Before the 1930s, vast areas of the Dutch, German and Danish sublittoral Wadden Sea were presumably covered by meadows of the common eelgrass (Zostera marina). In the Dutch Wadden Sea, data from 1869 to 1930 indicate that eelgrass beds once occurred over 65–150 km2 (de Jonge and de Jong 1992; van Katwijk 2003). In the period 1923–1931, sublittoral eelgrass beds were commercially harvested near Texel and Wieringen (the Netherlands), with an annual cut of 317–789 tons dry weight (de Jonge and de Jong 1992). In the 1930s, the wasting disease (Labyrinthula zosterae) caused dramatic declines in eelgrass beds throughout the North Atlantic. During this time, sublittoral eelgrass beds in the Wadden Sea disappeared and never reestablished (Reise et al. 1989; de Jonge and de Jong 1992). Eulittoral eelgrass beds consisting of both Z. marina and Z. noltii also strongly declined in the 1930s but partly recovered afterwards, e.g. in the Königshafen, Sylt, in the 1970s to the 1980s (Reise et al. 1989). However, eulittoral eelgrass beds have decreased in the Dutch and east Frisian Wadden Sea since the 1960s and 1970s, respectively (de Jonge et al. 1996; Kastler and Michaelis 1997). Increased turbidity, eutrophication and macroalgal blooms, and the direct effects of the mussel fisheries are discussed as being the main factors contributing to recent eelgrass declines (de Jonge and de Jong 1992; de Jonge et al. 1996). Today, less than 1 km2 of eelgrass beds remain in the Dutch Wadden Sea, 8.2 km2 in the east Frisian, and 38 km2 in the north Frisian (de Jonge et al. 1996; Kastler and Michaelis 1997; Reise 2000).
Increase in green algae
Green macroalgae were present but unimportant in the Wadden Sea until the second half of the 20th century, when abundance started to increase due to enhanced nutrient loading. An increase was first observed in the western Wadden Sea in the late 1950s, and in the entire Wadden Sea since the 1970s (van den Hoek et al. 1979; Reise et al. 1989, 1994; Kolbe et al. 1995). In the 1990s, mass blooms of Enteromorpha, Ulva, Chaetomorpha and Cladophora occurred on up to 15% of tidal flats between the Ems and Elbe rivers (Kolbe et al. 1995), and up to 40–60% on tidal flats near Juist and Borkum, Germany (Reise et al. 1994). Consequences of such algal mass developments are overgrowth, burial, and mass mortality of epi- and infauna due to anoxic conditions under decaying algal carpets (Schories 1995; de Jong et al. 1999).
Decline of red and brown seaweeds
This overview documents that the Wadden Sea flora and fauna has been changed by humans over past centuries and millennia. Of course, the Wadden Sea has experienced natural ecological changes throughout its history. However, at least since the Middle Ages, humans have been a major and increasing driver of change as well. Human impacts began with exploitation, progressed to habitat alteration, and further to habitat destruction, habitat extinction, eutrophication, pollution, species introductions and recently also climate change (see also Lotze et al. 2005). The general response of the Wadden Sea fauna and flora has been the loss and decline of large, long-lived, slow-growing and specialized species and an increase in small, short-living, fast-growing and opportunistic species. The dramatic loss of large predators such as whales, large groundfish, diadromous fish and many birds has severely simplified food-web structure (see also Lotze et al. 2005). The almost complete loss of habitat-building species such as oyster banks, Sabellaria reefs and eelgrass meadows has homogenized the Wadden Sea seascape, strongly reduced complex, three-dimensional habitats, and caused the disappearance of associated communities. The degradation of water quality through eutrophication and pollution harms species and impairs recovery. These ecological changes also affect coastal economies: of more than 20 commercial fisheries in the 19th century, only 3 or 4 still exist today (Lozan 1994; Holm 2005; Wolff 2005). Harmful algal blooms and beach closures affect water quality and hence tourism. Pollutants affect seafood quality and human health. On the other hand, reduced hunting pressure and increased habitat protection in the 20th century enabled several birds and seals to recover. They became attractions for tourists, bird watchers and coastal inhabitants. Although radically changed, the Wadden Sea ecosystem is still of great natural value. Many species still exist in the region, although at much reduced levels. Their recovery could be supported by restoring and protecting their habitat, reducing direct and indirect exploitation pressure, and reducing pollution. A rich, diverse, and healthy Wadden Sea ecosystem has great potential and value for both nature and society.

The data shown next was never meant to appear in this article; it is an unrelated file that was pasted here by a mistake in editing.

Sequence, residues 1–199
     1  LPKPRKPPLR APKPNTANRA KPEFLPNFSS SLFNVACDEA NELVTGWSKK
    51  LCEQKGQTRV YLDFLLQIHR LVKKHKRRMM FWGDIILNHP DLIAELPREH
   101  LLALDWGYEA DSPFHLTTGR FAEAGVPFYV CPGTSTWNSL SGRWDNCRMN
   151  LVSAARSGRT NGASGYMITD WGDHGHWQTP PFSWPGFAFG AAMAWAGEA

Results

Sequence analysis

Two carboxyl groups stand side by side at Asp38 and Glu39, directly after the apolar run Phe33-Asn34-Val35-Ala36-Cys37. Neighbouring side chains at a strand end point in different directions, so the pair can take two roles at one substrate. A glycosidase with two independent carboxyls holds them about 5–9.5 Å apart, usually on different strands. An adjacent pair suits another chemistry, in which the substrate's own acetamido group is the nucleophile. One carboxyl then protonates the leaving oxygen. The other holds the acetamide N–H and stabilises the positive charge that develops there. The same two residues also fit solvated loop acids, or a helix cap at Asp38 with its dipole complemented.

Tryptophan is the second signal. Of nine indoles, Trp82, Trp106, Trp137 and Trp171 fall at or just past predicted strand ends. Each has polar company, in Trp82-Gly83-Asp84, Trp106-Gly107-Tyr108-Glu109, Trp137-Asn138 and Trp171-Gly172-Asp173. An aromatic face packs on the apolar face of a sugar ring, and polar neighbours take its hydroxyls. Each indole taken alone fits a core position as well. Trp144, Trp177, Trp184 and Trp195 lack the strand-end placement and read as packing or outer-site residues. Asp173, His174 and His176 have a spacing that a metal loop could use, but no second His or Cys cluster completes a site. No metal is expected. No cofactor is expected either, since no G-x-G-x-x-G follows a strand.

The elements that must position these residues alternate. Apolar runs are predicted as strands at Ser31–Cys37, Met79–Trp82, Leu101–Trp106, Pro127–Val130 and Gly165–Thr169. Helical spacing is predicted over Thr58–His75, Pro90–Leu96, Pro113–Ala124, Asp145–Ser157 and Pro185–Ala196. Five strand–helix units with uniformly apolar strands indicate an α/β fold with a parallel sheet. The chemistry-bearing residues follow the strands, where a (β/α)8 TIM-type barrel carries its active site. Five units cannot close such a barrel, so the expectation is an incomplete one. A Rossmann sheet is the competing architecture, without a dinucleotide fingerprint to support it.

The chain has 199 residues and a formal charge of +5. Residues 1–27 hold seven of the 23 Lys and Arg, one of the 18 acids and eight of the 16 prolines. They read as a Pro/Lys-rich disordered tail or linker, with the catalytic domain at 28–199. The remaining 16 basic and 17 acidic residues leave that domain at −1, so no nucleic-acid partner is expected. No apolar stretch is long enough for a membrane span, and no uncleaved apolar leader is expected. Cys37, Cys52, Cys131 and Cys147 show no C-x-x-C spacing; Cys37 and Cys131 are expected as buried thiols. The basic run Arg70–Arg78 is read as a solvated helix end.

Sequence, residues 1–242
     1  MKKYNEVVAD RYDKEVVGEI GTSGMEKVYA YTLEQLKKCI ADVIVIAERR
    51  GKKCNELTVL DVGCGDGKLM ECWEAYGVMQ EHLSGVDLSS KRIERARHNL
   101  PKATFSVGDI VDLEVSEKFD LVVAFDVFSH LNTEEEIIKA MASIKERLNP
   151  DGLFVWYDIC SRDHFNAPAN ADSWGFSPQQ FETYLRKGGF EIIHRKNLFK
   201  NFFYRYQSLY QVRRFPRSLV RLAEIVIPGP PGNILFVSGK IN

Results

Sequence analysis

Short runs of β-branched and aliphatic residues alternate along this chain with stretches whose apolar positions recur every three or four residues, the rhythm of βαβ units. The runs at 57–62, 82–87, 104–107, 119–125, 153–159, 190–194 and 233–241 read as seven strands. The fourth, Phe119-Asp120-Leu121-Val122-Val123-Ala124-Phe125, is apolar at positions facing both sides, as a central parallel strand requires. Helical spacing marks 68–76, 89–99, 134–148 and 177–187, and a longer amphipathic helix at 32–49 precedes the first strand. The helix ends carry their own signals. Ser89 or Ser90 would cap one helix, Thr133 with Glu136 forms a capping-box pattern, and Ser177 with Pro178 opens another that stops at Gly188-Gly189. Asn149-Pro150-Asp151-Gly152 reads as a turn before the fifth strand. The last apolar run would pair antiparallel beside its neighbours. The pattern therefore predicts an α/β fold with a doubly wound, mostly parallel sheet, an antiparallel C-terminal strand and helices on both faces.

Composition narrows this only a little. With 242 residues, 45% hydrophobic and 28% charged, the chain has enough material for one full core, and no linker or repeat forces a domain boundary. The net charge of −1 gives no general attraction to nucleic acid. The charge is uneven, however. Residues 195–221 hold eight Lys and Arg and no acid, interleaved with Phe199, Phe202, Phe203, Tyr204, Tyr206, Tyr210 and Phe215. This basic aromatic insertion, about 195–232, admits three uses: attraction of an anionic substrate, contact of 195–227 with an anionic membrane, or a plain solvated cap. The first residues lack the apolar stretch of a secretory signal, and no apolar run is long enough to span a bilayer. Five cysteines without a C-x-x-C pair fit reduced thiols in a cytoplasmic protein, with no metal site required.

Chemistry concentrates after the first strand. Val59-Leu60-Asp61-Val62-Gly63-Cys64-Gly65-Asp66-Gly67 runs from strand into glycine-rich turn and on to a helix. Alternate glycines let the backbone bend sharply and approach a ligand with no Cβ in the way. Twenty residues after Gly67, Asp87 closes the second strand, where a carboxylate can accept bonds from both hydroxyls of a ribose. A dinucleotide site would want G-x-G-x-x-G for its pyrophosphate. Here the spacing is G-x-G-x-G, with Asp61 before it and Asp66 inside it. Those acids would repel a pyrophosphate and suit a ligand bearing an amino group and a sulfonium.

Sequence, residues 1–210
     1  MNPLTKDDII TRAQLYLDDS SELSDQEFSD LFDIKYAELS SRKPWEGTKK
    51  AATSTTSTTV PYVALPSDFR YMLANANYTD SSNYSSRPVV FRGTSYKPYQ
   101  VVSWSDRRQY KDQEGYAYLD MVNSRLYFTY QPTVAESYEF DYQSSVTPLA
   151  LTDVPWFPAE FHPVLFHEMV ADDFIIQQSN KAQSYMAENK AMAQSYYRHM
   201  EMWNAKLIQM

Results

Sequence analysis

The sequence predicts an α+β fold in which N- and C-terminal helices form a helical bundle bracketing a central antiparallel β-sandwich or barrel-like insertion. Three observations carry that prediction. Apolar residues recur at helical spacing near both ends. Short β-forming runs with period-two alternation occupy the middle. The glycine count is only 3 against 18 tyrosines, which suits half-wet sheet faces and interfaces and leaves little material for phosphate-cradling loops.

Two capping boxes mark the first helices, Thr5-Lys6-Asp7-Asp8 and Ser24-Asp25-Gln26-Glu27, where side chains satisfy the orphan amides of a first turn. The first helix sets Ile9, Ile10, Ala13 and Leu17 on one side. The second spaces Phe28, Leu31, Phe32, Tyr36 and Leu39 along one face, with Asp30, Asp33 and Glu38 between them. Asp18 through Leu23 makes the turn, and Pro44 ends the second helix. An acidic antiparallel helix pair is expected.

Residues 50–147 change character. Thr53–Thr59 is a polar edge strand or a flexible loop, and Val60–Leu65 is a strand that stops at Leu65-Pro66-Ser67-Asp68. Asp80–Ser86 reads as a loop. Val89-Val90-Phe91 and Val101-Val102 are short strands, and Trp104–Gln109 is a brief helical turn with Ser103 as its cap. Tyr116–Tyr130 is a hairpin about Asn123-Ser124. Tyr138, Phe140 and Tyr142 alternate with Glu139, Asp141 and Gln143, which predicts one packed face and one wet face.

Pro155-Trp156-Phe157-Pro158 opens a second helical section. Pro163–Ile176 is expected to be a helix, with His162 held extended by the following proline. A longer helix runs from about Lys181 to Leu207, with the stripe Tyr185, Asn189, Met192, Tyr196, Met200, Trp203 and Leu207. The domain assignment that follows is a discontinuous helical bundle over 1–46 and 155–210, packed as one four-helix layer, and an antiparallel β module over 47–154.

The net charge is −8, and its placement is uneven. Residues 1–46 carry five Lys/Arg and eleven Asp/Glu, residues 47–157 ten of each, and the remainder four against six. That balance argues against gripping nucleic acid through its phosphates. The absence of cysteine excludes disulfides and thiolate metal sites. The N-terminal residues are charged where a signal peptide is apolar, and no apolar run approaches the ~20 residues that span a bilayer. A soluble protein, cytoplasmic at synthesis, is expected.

I am grateful to all colleagues who provided data, literature and insights. Comments by Karsten Reise, Wim Wolff, Victor de Jonge and Boris Worm greatly improved the scope and clarity of the manuscript. This work was partly funded by the History of Marine Animal Populations project of the Census of Marine Life and the Stiftung Alfred-Wegener Institute for Polar and Marine Research.